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Thursday, July 6, 2017

JCVD-A-THON: Black Eagle (1988)

It's not uncommon for future action stars to begin their careers playing second fiddle to established performers. This has been true since at least the days of Chuck Norris getting his ass kicked by Bruce Lee. In 1988, Jean-Claude Van Damme was ready to become a leading man. “Bloodsport” had already been filmed and was awaiting release. Before that movie would truly make him a breakout star, he played the bad guy in “Black Eagle.” The film would have Jean-Claude facing off against Sho Kosugi, one of the then-leading stars of ninja-related cinema. Despite such a distinguished lineage, “Black Eagle” is not discussed often even by action fanatics.

Over the Mediterranean Sea, a jet carrying a high-tech and top secret radar system is shot down by the Soviets. A race is on between the two super powers over who can retrieve it first, both forces basing themselves in Malta. The Russians have Andrei, a uncompromising and deadly agent who unexpectedly finds love on this missions. The Americans have Ken Tani, a Japanese spy who is code-named Black Eagle. While in Malta, Ken finds his two sons endangered as he works to recover the tracking device, stop the bad guys, and save the day.

Considering the stars and premise, you're probably expecting “Black Eagle” to be a super cheesy, over-the-top action flick. Weirdly, it seems director Eric Karson had something more sophisticated in mind. “Black Eagle's” pacing is relaxed, the action scenes sparingly spaced out over the run time. The film is a little more focused on genuine espionage, even featuring a Bond style casino sequence. Truthfully, way too much of “Black Eagle” is focused on Ken's family life.  The relation between Tani and his two sons – both played by Sho Kosugi's actual sons – takes up way more time then you'd expect. Ken feels bad, sacrificing time with his boys to go spying and killing. He worries about the effect his line of work will have on his offspring. He attempts to keep his espionage life a secret from his sons but this only further hammers a wedge between them.

On one hand, I admire the ambitions of the filmmakers behind “Black Eagle.” Making a movie about a spy balancing his dangerous profession and his home life was probably a worthy idea. Yet “Black Eagle” is way more entertaining when it focuses on the fight scenes. There's a decent rooftop chase, Kosugi being pursued by Russian attackers across the scenic Maltese skyline. An encounter in Kosugi's hotel room features some decent tumbling and shooting. Naturally, the fights between Kosugi and Van Damme are the best. The two are on equal footing, trading spin kicks, tumbling through flaming barrels, and generally beating the shit out of each other. To be totally honest, Van Damme seems to be a better fighter than Sho, making the hero seem like more of an underdog.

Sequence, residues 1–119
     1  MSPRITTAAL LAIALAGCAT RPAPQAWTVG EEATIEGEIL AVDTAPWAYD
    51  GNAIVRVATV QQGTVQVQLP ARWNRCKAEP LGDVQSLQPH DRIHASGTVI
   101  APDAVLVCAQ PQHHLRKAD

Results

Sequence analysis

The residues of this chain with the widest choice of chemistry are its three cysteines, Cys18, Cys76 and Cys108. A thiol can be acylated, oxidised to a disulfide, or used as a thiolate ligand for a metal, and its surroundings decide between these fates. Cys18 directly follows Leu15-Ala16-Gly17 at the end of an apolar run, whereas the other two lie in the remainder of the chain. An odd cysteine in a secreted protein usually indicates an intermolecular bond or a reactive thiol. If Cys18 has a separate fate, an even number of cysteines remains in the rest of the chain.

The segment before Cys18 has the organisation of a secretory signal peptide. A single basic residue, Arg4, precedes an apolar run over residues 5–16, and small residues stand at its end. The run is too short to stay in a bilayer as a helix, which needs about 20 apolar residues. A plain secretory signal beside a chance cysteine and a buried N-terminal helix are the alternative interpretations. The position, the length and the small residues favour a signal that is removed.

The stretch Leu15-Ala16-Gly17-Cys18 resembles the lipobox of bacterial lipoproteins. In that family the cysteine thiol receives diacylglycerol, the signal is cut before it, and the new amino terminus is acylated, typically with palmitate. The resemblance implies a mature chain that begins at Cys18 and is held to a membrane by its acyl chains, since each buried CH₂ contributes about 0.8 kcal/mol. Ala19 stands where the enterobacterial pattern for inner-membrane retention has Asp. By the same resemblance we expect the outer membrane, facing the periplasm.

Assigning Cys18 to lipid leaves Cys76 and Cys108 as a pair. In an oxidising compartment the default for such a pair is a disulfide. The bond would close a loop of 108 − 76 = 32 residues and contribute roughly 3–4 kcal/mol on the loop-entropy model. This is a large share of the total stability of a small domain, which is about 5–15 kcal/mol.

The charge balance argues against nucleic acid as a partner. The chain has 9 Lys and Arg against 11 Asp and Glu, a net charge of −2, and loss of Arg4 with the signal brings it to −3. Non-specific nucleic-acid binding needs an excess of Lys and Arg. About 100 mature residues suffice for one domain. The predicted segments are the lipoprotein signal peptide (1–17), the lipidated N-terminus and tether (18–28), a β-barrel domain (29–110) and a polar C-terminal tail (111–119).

Though not technically a ninja movie, Sho Kosugi still does plenty of sneaking around and assassinatin'. When streaking his face with black warpaint, covertly slashing enemy's throats, or trading blows with Van Damme, Sho does fine. However, the script also calls on Kosugi to be a role model to his fictional-and-actual sons. He even dresses up like an accountant, wearing colorful shirts and wire-frame glasses. This is a bit of a problem, mostly because of Kosugi's thick Japanese accent. He's sometimes hard to understand, frequently switching his Rs and Ls, which is sometimes humorous. Due to this, Kosugi never seems entirely comfortable in the role. It's an awkward vehicle for Sho, to say the least.

Sho might be the star but Van Damme steals the show. You'd expect Andrei to be another snarling Russian baddie. Jean-Claude had already played one such character in “No Retreat, No Surrender.” However, the script gives Andrei a little more complexity. Both spies are presented as loyal to their causes, honorable in their own ways. Andrei even gets a love interest of his own, romancing a girl on the ship. Following the climatic fight, Andrei sacrifices himself to make sure she's safe! Aside from giving the villain some heroic qualities, Van Damme is clearly the physical superior to Kosugi, outperforming the star's not-inconsiderable skills. The Belgian peppers his performance with the splits, roundhouse kicks, and shirtlessness you're expecting too. Honestly, “Black Eagle” probably would've been better if it focused on Andrei over Ken Tani.

“Black Eagle” is kind of interesting, willing to be a little more insightful and character-oriented than most films of this stripe. Yet I can't imagine this approach pleased fans expecting a typical eighties action flick. Yes, there's punching, kicking, shoot-outs, and explosions. But you're going to have wait for them. The film drags a bit and isn't Sho Kosugi's proudest hour. For Van Damme fans, it's more rewarding. The soon-to-be-star shows off his growing charisma and martial arts skills. “Black Eagle” is worth seeing for his scenes alone. [6/10]

[THE VAN DAMMAGE: 4 outta 5]
[X] An Entire Fight, Sans Shirt
[X] Close-Up Screaming
[] Dancing
[X] Jump-Kicks A Guy, Through Something
[X] Performs Either a Split or a Spinning Roundhouse Kick

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